The Open plots at all three sites are similar to one another and are characterized by tussock- forming sedges interspersed with a variety of dwarf shrubs, forbs, and mosses, with maximum deciduous shrub heights of approximately 16 cm (IMVT), 23 cm (TLFS) and 28 cm (SDOT) (Rich et al. 2013). The three Shrub plots differ from one another and represent a gradient of shrub statures, with maximum deciduous shrub heights of approximately 22 cm (IMVT), 35 cm (TLFS) and 84 cm (SDOT) (Rich et al. 2013). Differences among Shrub plots are related to topography and water flow. The IMVT Shrub plot, which has the shortest shrubs of the three sites, is associated with water movement because it is located in an area with water tracks, and the site represents vegetation typical of water track tundra as described in Chapin et al. (1988). The TLFS Shrub plot, which has medium stature shrubs, is located at the outlet of Toolik Lake, where proximity to a large body of water, substrate conditions, and the presence of large rocks may promote root lengthening and shrub growth. The TLFS Shrub plot represents vegetation typical of shrub tundra described in Shaver & Chapin (1991). The SDOT Shrub plot, which has tall and structurally complex shrubs, is a riparian community (Rich et al. 2013). The Shrub plot at SDOT has the deepest thaw depths among all of our plots and represents vegetation typical of riverside shrub tundra as described in Giblin et al. (1991), which tend to have deeper thaw depths compared to other tundra vegetation communities (Shaver & Chapin 1991). The Roche Mountonnee site (ROMO) has not been described in a publication yet, but the Shrub plot is vegetated by tall (> 100 cm) riparian shrubs, primarily Salix alaxensis, with scattered forbs, and has dry, rocky soils. The Open plot at ROMO is similar to the Open plots described above.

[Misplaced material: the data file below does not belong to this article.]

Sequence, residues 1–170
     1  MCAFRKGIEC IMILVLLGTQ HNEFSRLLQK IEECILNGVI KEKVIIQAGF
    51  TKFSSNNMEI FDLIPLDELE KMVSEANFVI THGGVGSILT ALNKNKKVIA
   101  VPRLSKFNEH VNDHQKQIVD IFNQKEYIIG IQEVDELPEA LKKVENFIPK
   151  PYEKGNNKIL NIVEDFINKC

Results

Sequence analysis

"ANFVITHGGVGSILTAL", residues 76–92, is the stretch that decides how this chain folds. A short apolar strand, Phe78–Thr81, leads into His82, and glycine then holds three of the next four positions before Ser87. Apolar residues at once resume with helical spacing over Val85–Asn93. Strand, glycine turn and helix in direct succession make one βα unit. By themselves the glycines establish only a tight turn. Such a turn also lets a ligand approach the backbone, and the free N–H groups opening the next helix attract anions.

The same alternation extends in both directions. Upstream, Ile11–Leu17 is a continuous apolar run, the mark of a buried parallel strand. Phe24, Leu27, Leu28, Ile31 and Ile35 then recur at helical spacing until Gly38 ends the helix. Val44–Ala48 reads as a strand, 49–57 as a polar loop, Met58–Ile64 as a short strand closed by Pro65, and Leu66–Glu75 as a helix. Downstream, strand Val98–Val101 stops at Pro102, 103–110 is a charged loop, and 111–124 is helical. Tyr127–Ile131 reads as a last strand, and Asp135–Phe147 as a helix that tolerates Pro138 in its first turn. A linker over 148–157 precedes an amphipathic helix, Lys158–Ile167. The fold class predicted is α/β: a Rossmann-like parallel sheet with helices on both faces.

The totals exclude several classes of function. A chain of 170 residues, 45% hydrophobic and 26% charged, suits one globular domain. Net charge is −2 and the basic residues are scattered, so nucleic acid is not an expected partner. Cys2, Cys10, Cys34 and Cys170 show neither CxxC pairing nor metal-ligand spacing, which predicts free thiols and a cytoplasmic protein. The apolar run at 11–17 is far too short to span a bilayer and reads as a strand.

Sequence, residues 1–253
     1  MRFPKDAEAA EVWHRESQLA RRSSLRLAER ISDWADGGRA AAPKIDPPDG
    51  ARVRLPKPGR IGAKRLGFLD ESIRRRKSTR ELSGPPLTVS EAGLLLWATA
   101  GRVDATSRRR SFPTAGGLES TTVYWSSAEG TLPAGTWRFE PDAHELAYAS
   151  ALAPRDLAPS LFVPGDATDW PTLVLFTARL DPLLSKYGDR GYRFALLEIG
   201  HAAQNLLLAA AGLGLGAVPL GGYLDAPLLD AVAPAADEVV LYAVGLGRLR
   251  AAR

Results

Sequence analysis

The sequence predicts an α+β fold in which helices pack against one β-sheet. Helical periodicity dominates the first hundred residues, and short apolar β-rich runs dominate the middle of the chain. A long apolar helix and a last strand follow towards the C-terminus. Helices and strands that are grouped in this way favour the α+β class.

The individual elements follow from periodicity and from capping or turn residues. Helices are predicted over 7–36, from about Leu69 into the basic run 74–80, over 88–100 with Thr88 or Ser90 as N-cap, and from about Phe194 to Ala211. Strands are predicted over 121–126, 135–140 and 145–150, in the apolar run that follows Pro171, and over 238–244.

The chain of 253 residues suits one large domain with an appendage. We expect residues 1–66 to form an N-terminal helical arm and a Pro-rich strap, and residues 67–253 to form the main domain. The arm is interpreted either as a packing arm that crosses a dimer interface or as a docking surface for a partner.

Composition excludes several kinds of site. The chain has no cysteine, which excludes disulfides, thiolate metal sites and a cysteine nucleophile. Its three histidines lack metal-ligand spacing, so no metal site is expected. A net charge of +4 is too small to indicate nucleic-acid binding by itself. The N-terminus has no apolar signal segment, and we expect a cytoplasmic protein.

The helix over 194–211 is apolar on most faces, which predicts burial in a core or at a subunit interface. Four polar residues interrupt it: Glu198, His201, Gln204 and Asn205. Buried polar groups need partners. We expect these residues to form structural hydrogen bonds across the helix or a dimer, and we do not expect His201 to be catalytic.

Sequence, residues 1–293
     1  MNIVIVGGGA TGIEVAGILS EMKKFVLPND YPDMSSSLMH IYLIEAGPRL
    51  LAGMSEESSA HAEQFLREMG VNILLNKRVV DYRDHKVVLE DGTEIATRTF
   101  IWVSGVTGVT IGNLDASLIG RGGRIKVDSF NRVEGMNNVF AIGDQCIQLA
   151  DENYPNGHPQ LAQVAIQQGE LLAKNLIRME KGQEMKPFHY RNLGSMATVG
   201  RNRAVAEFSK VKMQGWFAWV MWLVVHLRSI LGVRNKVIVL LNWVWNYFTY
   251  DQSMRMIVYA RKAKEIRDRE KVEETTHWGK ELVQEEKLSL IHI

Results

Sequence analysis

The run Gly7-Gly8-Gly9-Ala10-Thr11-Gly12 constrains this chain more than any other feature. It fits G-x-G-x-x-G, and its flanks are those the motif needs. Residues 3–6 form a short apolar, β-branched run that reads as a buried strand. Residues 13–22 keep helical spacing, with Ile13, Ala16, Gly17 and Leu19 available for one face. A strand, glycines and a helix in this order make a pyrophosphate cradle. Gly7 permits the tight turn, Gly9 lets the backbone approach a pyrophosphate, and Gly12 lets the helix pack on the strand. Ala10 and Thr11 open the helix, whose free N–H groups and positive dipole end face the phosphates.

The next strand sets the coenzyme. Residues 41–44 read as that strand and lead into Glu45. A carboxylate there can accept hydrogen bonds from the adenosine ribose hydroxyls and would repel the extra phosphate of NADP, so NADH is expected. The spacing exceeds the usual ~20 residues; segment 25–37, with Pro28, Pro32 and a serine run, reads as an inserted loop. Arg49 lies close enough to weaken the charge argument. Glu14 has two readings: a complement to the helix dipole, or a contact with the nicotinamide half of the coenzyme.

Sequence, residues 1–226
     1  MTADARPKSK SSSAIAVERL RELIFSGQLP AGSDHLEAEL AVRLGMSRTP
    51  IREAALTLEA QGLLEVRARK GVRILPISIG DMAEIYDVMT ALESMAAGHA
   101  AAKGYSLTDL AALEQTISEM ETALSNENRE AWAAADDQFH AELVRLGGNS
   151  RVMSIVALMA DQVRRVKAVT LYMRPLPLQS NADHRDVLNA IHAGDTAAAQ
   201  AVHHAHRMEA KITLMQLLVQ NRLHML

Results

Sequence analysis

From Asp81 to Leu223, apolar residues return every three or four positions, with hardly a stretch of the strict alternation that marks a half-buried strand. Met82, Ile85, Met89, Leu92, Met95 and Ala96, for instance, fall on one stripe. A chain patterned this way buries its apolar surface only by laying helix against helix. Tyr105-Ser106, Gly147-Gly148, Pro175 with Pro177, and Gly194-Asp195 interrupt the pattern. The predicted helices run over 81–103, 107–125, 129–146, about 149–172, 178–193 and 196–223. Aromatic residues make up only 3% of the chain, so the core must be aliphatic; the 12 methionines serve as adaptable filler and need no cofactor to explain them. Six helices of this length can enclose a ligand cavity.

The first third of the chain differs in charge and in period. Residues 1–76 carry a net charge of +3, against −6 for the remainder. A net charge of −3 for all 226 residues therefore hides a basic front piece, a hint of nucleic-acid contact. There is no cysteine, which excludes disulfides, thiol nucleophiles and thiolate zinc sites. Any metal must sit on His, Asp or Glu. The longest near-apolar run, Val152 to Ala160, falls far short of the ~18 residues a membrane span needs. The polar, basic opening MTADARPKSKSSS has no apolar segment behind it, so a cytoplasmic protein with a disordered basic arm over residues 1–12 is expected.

In May 2010, two 100 m transects were established within each Open and Shrub plot, for a total of 12 transects (n = 6 Open; and n = 6 Shrub). For non-destructive vegetation sampling over multiple years, ten quadrats (1 m2) were established at 10 m intervals along each transect (ten quadrats per transect).